Legal revolution leads to confusion

problems abound across the whole of Europe, and Western European countries are
also wrestling with legislative change. Bo Jones reports

is little doubt that the downturn in the US economy is causing ripple effects
on the other side of the Atlantic. Like their American counterparts, companies
across Europe are announcing profit warnings and laying off staff.

while people are moving out through one door, others are still coming in
through the other. All across the region there is still a severe shortage of
specialists in many disciplines – IT professionals, marketers and finance are
still in short supply. And firms are having to fight harder and harder to
attract the talent they need.

Eldam, editor of the Danish management consultancy EHR, has a sound piece of
advice for European HR executives struggling to be the employer of choice.
"It is extremely important to differentiate between candidates you want to
recruit, and to adopt a suitable strategy," he says.

is a huge difference in recruiting different sorts of workers – general
managers, IT workers and so on – so it is critical that you are prepared to
meet the different demands, questions and ambitions of these types of
employees, and that you do not employ the same recruitment procedure for all of
them," he adds.

Denmark, in particular, he sees "company morals and ethics as being
important for some candidates in terms of environment, firm policy, work and so

a result, the organisations in Denmark that are looking to attract new hires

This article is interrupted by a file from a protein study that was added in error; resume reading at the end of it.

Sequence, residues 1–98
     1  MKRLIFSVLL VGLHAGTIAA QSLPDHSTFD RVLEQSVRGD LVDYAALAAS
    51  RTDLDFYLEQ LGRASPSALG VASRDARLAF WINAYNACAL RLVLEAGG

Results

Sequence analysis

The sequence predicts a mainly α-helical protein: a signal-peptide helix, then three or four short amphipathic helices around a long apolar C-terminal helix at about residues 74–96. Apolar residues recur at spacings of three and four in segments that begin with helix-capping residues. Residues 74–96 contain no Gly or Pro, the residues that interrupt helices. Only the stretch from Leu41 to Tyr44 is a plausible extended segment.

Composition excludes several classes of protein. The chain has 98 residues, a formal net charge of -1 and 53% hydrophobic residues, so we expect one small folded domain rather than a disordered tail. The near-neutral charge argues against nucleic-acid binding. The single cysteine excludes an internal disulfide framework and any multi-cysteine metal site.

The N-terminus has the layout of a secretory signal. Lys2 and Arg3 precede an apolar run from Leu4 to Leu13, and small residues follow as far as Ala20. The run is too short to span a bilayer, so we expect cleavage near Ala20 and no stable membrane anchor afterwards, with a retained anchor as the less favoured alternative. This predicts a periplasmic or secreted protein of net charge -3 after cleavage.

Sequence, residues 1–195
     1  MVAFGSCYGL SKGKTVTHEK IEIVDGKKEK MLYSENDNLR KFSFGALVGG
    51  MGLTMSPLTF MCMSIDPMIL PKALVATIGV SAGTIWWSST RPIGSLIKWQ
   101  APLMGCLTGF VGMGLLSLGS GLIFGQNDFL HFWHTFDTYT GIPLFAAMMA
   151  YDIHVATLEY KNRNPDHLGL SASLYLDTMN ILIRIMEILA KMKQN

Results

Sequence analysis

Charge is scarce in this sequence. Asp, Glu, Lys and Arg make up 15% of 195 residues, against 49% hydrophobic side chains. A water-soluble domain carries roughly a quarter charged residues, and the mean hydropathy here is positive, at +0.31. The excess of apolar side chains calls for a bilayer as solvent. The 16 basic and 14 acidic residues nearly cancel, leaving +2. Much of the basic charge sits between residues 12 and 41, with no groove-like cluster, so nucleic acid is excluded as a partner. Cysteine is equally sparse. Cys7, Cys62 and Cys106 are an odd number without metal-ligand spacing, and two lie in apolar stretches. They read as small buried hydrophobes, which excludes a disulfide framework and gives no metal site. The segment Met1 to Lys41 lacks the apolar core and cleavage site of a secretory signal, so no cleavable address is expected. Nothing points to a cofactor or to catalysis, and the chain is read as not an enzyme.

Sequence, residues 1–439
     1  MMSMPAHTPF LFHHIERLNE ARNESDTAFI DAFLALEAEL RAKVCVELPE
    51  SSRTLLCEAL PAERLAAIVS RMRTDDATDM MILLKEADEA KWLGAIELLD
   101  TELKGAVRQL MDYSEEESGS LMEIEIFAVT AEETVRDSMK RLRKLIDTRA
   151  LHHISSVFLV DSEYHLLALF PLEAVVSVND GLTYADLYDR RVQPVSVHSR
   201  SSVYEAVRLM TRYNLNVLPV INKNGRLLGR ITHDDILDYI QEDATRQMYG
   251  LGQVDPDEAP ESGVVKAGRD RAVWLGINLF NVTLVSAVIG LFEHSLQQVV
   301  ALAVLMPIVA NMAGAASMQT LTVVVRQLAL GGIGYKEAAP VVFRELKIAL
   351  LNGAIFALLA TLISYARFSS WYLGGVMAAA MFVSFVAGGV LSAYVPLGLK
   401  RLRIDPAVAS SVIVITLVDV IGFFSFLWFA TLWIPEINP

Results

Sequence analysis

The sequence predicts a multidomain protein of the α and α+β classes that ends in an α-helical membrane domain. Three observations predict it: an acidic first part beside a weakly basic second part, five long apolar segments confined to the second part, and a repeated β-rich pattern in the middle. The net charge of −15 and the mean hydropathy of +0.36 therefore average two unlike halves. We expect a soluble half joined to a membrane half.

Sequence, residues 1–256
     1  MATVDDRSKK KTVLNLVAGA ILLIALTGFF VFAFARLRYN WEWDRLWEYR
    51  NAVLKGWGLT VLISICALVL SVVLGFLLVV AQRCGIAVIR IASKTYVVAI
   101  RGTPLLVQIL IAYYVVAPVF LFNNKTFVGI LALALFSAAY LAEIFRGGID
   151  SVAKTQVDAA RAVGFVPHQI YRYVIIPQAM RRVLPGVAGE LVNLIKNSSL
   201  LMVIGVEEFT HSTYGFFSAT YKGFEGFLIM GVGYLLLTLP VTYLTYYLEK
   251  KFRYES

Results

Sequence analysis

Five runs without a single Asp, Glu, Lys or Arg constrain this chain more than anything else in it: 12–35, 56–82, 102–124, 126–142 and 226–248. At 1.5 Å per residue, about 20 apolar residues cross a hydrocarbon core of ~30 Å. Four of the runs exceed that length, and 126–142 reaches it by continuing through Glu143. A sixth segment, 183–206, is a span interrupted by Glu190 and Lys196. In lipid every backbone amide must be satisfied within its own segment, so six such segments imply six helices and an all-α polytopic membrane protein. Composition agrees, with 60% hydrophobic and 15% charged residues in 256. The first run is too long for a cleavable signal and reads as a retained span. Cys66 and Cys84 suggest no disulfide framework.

are increasingly using "green balance sheets, social balance sheets and
ethical balance sheets", he says.

while the market in Western Europe may still be candidate-driven, the situation
in Central and Eastern Europe has, to some extent, taken a dramatic turn
following the recent rouble crisis.

the crisis," recalls Eric Ligtenbelt, managing director Ukraine, Baltics
and Central Europe of executive search and selection consultancy Commonwealth
Resources, "it was very much a candidate-driven market, but that has
changed considerably. Now there are enough qualified people in the

despite the abundance of talent in CEE, companies are still very cautious about
recruiting new hires to fuel their business ambitions. In the Ukraine, for
example, explains Ligtenbelt, "a Soviet-type employment system still
exists, meaning that a company is seen as having to provide employment".

continues, "Once you’ve hired an individual, it is extremely difficult to
get rid of them even if they are underperforming. Three formal written warnings
have to be given within a set period of time. These warnings are often heavily
disputed by the employee and during that time you can miss the period in which
they can be dismissed. Then, the whole process has to start again from the

he admits, there is a new generation of employees – the 25- to 35-year-olds –
who are looking to make a career for themselves. Although they are aware of
employment laws and the ease with which they can stay with one firm, they tend
to be much more flexible and willing to move from company to company if they
find better prospects elsewhere.

too, has a stringent labour code. According to the Federation of European
Employers, the Hungarian government "specifies various conditions of
employment, including termination procedures, severance pay, maternity leave,